Al-Shabab fighters perform military exercises in Somalia’s Lafofe area south of Mogadishu in 2011. (Farah Abdi Warsameh/AP)

A member of U.S. Special Operations forces was killed in Somalia on Friday and four other U.S. service members were wounded, marking the first time an American has died in action in Africa since four U.S. soldiers were killed in an ambush in Niger late last year.

The Americans were conducting an operation against the al-Qaeda-linked extremist group al-Shabab alongside partner forces from Somalia and Kenya when they came under enemy mortar and small-arms fire, U.S. Africa Command said in a statement. The incident occurred Friday afternoon .

The Pentagon did not identify the U.S. commando who was killed, pending notification of next of kin.

The U.S. service members were assisting approximately 800 local troops as the group conducted a multiday operation to liberate villages from al-Shabab control in the Jubaland region and clear the extremists from contested areas, according to the U.S. military.

The forces were also setting up “a permanent combat outpost” to help expand the Somali government’s control over the region, where the Islamist militant insurgency for years has destabilized the East African nation, particularly in rural areas. 

U.S. forces were offering “advice, assistance and aerial surveillance during the mission,” U.S. Africa Command said, noting that the mission was designed to increase the Somali government’s ability to provide services to innocent civilians under al-Shabab rule.  

“The population in the region had historically supported the government, and the Somali forces had prepared for this mission by coordinating heavily with and securing the support of local authorities ahead of time,” U.S. Africa Command said. “The overarching goal in Somalia for the Department of Defense is to help the [government] provide a safe and secure environment for the Somali population.” 

Three of the four wounded U.S. service members were evacuated to receive additional medical treatment, the military said. The fourth received sufficient medical care on the scene.

President Trump wrote a message on Twitter Friday night, saying, “My thoughts and prayers are with the families of our serviceman who was killed and his fellow servicemen who were wounded” in Somalia. “They are truly all HEROES.”

Though U.S.-backed operations and airstrikes have dented al-Shabab, the militants have continued to carry out deadly attacks in Somalia, including a bombing in October that left some 300 people dead in the capital of Mogadishu.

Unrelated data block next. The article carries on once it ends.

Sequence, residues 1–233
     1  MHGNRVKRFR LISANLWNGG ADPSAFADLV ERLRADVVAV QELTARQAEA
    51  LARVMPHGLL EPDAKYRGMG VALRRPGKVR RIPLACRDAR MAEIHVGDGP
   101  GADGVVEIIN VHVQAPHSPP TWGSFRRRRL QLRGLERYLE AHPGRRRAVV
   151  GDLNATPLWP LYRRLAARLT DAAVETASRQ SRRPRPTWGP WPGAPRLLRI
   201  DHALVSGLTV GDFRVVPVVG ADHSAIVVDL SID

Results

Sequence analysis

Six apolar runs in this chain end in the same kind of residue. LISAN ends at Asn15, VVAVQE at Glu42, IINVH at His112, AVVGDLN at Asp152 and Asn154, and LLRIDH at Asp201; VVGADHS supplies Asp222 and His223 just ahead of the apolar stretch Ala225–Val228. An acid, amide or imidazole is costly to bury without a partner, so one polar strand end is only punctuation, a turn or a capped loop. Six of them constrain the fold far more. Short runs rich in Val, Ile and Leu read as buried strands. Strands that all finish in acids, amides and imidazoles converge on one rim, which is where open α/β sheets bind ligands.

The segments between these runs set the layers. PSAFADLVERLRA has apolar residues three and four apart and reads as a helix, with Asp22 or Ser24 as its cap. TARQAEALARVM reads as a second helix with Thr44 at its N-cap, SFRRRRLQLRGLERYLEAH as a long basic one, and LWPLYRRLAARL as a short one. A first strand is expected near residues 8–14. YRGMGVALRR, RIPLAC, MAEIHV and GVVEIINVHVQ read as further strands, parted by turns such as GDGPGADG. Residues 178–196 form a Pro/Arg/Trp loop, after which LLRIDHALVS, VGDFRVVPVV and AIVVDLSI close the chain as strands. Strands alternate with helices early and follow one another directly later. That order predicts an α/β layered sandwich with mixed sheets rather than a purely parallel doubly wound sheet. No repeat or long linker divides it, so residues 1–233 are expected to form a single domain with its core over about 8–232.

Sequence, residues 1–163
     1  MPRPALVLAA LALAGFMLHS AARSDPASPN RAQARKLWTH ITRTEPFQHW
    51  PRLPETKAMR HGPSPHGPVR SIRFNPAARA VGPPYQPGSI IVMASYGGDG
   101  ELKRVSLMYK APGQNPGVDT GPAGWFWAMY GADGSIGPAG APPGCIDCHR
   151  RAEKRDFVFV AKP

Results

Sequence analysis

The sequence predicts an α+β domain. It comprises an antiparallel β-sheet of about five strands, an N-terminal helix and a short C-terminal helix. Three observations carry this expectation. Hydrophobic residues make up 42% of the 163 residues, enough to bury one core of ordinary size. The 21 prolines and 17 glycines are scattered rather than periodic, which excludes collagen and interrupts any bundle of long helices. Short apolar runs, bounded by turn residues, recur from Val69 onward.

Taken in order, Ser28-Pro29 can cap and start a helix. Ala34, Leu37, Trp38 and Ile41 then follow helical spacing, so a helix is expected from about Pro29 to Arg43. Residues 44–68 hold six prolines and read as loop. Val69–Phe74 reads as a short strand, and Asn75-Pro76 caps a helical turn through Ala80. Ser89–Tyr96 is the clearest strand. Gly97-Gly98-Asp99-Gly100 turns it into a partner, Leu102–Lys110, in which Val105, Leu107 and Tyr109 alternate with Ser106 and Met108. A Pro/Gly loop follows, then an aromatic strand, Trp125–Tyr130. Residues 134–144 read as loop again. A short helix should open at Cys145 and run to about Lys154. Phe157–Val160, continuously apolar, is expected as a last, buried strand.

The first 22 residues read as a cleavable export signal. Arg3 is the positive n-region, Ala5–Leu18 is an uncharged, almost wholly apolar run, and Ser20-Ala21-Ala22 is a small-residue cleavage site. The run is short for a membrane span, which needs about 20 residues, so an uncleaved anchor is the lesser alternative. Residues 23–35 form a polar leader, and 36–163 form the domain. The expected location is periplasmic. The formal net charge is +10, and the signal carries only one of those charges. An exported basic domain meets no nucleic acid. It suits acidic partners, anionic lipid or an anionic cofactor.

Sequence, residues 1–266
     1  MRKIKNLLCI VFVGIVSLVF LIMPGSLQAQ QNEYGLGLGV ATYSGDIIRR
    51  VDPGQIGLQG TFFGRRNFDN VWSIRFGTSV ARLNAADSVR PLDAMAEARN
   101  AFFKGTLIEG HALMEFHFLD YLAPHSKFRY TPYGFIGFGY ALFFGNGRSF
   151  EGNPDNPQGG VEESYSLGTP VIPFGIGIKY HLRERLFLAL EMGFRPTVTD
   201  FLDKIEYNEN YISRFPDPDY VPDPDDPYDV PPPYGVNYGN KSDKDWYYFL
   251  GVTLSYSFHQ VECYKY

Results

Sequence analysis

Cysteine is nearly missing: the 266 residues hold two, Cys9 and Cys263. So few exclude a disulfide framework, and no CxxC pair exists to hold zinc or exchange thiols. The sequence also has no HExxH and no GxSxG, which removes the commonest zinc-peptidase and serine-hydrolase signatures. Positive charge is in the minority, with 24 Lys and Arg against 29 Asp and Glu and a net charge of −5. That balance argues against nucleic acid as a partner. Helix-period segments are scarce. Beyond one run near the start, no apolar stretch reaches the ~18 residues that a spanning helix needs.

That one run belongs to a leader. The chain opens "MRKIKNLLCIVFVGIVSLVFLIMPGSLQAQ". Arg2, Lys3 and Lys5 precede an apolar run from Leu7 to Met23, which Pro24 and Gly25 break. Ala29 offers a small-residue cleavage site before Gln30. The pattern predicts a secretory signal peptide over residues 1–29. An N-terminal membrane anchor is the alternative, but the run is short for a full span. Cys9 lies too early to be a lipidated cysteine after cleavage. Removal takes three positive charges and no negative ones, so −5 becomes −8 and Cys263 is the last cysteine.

The United States has about 500 troops in the country, according to U.S. officials, many of them Special Operations troops such as Navy SEALs and Army Green Berets. The Americans train and support Somali troops and give them intelligence information to help in their campaign against al-Shabab, in addition to helping with surveillance and airstrikes. 

The extent to which U.S. troops are assisting behind the scenes or fighting shoulder to shoulder with local troops has become a point of contention, not only in Somalia but also in other parts of the world where U.S. service members are helping fight extremist groups by backing proxy forces.

Friday’s incident marked the first time a U.S. service member has died in action in Somalia since Navy SEAL Kyle Milliken, a senior chief petty officer, was killed in May of last year in a firefight with al-Shabab militants.

Milliken’s was the first U.S. combat death in Somalia since 1993, when 18 U.S. service members died battling Somali militiamen in an episode chronicled in the book and film “Black Hawk Down.” Though the Pentagon initially described Milliken as operating behind Somali troops, U.S. officials later acknowledged that U.S. Special Operations troops had been fighting together with the Somali forces.  

 U.S. military operations in Africa have come under greater scrutiny since an Oct. 4 ambush by Islamic State militants in the West African country of Niger left four U.S. soldiers dead. 

A U.S. military report on that incident publicized by the Pentagon last month without being fully released found that multiple individual and institutional failures left the U.S. troops vulnerable to the ambush.

Marine Gen. Thomas D. Waldhauser, who heads U.S. Africa Command, said at a Pentagon news conference that he had taken steps to better ensure the safety of U.S. service members in future operations. 

“We are now far more prudent,” Waldhauser said. “The missions we actually accompany on have to have some type of strategic value in terms of the enemy we’re going against. Do they have a strategic threat to the United States?”

Militants affiliated with al-Shabab have threatened to conduct attacks against the United States, and the U.S. military has said the group poses a direct threat to U.S. interests and allies in the region. Though the group remains primarily a regional threat, the U.S. military has deployed to Somalia to prevent the extremists from operating freely in a safe haven.